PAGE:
The pandemic is one layer of stress for students. Another, counselors and faculty said, is the death of George Floyd and the ensuing national protests against police brutality and racial injustice.
“Students of color, particularly Black and Latinx students … are also having to cope with how to process what they see on their screens and things that they themselves have experienced,” said Kip Thompson, Ph.D., clinical coordinator and assistant professor of counseling psychology at Fordham GSE.
To draw strength, Black adolescents and young adults should get in touch with “their higher power,” nurture family relationships, and pursue what brings them joy, said Thompson, whose research interests include Black American college students’ mental health.
“It’s really important that in these challenging, uncertain times, the young Black person really taps into what brings them power, joy, and inspiration,” Thompson said.
Meanwhile, school counselors should reflect on their own identities to better serve their students, said Ponterotto.
“[We need to] understand stages of racial identity, of what power and privilege is, and how to develop a nonracist identity as a white teacher or counselor,” said Ponterotto. “It’s white men in power, the heterosexual population, and the Christian population taking responsibility for their own history of oppressing others that we all have been guilty of, given the environment we were raised in, and deconstructing our own identity to help us be effective teachers and counselors for others.”
Advice on Remote Counseling from GSE Faculty
After reflecting on personal experiences with clients throughout the pandemic, GSE faculty shared tips on how to improve remote counseling and support for students of all ages.
Play therapy is possible if you think outside the box. Elementary school students and counselors can play a game of charades during each counseling session. On Zoom, they can use the whiteboard feature to play Pictionary or hangman. They can even play a game of Battleship or bingo, as long as they both have the hard materials in front of them. Or they can conduct a scavenger hunt around a student’s room to help the student practice emotional self-expression and self-awareness, said Alea Holman, Ph.D., assistant professor of school psychology.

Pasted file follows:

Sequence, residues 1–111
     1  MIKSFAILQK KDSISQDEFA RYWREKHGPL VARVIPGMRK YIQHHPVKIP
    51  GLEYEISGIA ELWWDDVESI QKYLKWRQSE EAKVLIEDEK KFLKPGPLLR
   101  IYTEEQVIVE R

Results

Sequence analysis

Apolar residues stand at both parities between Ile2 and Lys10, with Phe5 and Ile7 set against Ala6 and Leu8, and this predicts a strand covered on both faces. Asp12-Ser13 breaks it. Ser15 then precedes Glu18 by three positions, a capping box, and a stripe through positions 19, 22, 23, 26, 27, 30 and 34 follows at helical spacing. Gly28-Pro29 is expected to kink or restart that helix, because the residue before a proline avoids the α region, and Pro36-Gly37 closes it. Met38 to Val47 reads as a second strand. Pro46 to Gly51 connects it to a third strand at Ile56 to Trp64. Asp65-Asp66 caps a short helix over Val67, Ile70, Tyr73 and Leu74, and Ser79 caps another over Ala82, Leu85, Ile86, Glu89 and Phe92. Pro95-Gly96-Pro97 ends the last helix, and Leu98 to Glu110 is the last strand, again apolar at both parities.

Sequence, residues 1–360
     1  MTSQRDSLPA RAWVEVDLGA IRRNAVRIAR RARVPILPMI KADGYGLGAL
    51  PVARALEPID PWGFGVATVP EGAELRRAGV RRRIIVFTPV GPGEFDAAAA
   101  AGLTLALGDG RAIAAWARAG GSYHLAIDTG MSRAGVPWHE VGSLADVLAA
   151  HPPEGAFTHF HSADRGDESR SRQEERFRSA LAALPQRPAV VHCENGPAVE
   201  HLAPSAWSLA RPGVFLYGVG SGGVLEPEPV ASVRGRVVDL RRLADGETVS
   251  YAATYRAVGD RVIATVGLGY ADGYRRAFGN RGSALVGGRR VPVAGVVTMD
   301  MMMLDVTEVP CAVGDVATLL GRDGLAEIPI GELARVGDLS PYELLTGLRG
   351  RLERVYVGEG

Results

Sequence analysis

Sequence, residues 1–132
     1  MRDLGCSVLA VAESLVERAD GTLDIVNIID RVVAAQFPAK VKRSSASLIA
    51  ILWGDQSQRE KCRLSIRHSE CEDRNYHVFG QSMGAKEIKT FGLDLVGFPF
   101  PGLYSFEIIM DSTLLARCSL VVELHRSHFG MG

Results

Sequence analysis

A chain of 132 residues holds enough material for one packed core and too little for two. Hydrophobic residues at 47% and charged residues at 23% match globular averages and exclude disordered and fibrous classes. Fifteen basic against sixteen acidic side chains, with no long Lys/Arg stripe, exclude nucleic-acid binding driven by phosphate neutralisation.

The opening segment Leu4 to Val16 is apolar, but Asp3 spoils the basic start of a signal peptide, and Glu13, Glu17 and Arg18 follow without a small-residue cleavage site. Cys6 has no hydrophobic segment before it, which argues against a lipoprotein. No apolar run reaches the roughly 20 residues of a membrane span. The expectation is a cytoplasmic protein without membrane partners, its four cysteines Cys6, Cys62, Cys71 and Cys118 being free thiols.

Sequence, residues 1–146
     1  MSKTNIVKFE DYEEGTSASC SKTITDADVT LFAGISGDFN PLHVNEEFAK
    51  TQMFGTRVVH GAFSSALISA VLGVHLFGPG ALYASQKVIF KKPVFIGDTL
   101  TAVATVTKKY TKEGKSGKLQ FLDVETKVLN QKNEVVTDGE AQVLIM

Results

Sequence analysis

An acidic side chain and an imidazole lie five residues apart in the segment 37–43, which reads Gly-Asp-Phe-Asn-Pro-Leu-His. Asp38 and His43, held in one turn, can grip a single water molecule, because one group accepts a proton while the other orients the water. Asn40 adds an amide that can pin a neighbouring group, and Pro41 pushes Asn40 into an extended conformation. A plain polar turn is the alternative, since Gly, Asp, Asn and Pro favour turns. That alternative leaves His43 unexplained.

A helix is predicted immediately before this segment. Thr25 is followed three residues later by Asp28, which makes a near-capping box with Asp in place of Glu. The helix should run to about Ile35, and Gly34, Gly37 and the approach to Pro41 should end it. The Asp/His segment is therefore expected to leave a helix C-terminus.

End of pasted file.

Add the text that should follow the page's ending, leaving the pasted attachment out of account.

Privacy is key.
It’s important to utilize HIPAA-compliant platforms in a quiet, safe space to help ensure confidentiality with a client. If a student is living in a home where they can’t speak comfortably about certain topics—an LGBTQ student living in a non-affirmative environment, for example—they can communicate via email or chat, said Eric C. Chen, Ph.D., professor of counseling psychology. Chen just received the distinguished Presidential Award from the American Psychological Association’s (APA) Society of Group Psychology and Group Psychotherapy (Division 49) for his outstanding contributions and exceptional service to the field. Division 49 promotes the advancement of the field of group psychology and the modality of group psychotherapy through research, education, and clinical practice.
Counseling on an online platform can be surprisingly effective.
“Some people told me that they feel more comfortable expressing themselves with a remote format because it removes a layer of self-consciousness and exposure in the interaction,” said Holman. A phone call can also strip away a layer of self-consciousness from students who don’t want to see their faces on screen, she said.
Parents can play a crucial role.
“One thing I suggest to my school counselors is to have Zoom meetings with parents to demonstrate to them … how the school counselor talks to the kids about uncertainty, confusion, and giving voice to feelings,” said Ponterotto. “We have to be able to process kids’ fears.”
Self-care is critical for counselors.
It seems like a selfish thought, said Margo A. Jackson, Ph.D., professor of counseling psychology. But consider this analogy: If you’re on a plane and the oxygen masks drop, you have to put yours on before you can help your child or whoever is next to you, she said. “When [counselors]are stretched to the limit … then we cannot be of help to others,” Jackson explained. “In fact, we could do harm.”
Be compassionate to yourself and others. Resilience is a “muscle” that requires daily exercise.
“Count your blessings. Reward yourself with simple daily pleasures, such as reading a poem, having a bike ride, watching clouds float by, that you enjoy in life. Recognize your strengths and think about a few individuals who have made a difference in your life over the years or those who have nurtured and supported you in the past,” said Chen. “And imagine what your future will be like a year from now—picture how you will remember that you have survived and thrived during those moments of darkness and anguish.”